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Q is for Quiet Time

Updated: Apr 8


Quiet time takes on many forms. It can be imposed upon us during childhood or demanded when entering spaces like a church, theatre, or cinema. It can also manifest unexpectedly when we encounter the wonders of the earth. Choosing to have a moment of silence may seem fairly impossible for most of us, as our to-do lists are typically long and clash with the daily demands of the world.


Having quiet time can be also nerve-racking. The absence of stimuli might lead to irritation or boredom, and we were trained to believe that isn't a good thing. Nevertheless, even when quiet time is a luxury for some and torture for others, it provides a moment to reset the clutter in our minds. The stillness offers space for rest and reassessment, providing new perspectives and activating our senses for different stimuli.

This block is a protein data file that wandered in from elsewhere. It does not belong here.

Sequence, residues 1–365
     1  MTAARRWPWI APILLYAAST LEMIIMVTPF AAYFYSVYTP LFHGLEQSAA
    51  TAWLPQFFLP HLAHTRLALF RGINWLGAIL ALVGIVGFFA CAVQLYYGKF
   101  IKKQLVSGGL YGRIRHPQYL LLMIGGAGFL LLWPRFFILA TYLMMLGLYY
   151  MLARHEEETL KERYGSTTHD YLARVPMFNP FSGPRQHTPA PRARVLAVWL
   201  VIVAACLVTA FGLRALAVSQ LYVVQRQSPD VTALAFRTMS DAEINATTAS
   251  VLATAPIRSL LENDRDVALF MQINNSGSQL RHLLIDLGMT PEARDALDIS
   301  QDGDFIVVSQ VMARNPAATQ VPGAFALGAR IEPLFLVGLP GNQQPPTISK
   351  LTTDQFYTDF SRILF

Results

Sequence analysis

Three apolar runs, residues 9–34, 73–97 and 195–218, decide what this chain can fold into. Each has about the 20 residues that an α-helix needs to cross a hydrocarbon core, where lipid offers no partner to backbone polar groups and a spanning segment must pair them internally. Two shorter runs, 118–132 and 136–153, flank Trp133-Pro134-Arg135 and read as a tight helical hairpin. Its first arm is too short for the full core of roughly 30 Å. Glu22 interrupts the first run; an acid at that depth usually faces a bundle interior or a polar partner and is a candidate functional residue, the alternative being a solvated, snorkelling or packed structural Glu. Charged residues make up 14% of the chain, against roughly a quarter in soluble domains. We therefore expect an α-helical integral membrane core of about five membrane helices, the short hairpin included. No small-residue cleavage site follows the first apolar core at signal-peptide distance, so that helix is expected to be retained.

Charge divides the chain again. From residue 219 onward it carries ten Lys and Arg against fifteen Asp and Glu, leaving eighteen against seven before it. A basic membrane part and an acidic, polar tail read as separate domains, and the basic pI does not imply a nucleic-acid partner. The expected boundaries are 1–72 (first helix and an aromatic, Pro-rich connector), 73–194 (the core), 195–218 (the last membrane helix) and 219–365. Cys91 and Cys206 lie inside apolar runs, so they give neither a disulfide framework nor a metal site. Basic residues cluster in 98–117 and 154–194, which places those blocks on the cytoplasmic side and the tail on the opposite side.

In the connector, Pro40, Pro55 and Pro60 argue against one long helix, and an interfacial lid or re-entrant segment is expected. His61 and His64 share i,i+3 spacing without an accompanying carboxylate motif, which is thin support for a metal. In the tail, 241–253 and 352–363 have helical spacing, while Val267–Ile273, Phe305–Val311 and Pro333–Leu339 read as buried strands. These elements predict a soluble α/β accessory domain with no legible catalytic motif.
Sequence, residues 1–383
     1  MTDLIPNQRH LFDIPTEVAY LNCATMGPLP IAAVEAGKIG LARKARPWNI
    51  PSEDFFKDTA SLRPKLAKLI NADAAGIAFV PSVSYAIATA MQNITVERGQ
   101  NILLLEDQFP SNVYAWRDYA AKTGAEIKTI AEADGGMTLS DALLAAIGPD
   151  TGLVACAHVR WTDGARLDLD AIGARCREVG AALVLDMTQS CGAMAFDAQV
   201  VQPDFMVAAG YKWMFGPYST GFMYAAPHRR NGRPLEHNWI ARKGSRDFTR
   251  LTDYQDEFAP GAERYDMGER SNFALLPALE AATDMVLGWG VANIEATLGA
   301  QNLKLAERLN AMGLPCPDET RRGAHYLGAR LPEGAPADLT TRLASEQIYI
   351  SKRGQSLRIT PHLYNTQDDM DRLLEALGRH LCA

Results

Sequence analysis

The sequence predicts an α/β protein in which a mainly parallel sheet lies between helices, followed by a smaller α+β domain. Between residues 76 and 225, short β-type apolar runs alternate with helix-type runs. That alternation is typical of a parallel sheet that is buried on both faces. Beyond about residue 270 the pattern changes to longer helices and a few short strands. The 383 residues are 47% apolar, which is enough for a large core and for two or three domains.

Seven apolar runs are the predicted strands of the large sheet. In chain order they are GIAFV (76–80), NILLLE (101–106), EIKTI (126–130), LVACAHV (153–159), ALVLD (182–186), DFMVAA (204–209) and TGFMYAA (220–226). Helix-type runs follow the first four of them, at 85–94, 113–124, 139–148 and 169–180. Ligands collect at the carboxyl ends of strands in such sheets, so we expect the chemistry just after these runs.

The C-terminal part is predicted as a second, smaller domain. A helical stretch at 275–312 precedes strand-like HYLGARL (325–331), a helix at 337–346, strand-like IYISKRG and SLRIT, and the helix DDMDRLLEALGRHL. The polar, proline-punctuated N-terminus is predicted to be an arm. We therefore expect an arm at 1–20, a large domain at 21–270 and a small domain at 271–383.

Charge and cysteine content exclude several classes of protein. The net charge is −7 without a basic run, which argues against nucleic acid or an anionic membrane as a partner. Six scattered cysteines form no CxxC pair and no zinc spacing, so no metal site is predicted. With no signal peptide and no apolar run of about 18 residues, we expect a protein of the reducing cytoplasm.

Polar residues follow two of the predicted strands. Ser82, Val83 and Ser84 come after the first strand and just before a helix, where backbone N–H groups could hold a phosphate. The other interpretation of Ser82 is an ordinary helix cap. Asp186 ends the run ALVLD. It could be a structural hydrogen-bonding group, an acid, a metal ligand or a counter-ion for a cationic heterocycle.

However, what if silence, instead of healing, puts you in a dreadful spiral of overthinking? By nature, I have a very active mind but a slow body. Allowing myself quiet time felt always good for the body but was disastrous for the mind. The goal isn’t neglecting our nature. So, I asked a therapist and received the tip to incorporate activities that allow the body to rest while engaging the mind in solving minor problems. Here are some of them:


  • Sudoku

  • Crosswords

  • Puzzles

  • Programming/coding

  • Drawing

  • Mindful coloring

  • Handcrafting

  • Journaling


I must admit that some of these activities do a really good job, while others, like puzzles and coding, pull me too deep into a state of flow that I forget to eat and sleep. In the end, quiet time needs to be adapted to everyone's needs. It should not be forced on everyone. So, the next time you need some rest, don't just ask your body but also inquire with your mind about what it needs.


Do you want to learn more about quiet time?


✏️ Get my free worksheet about quiet time


Q is for Quiet Time
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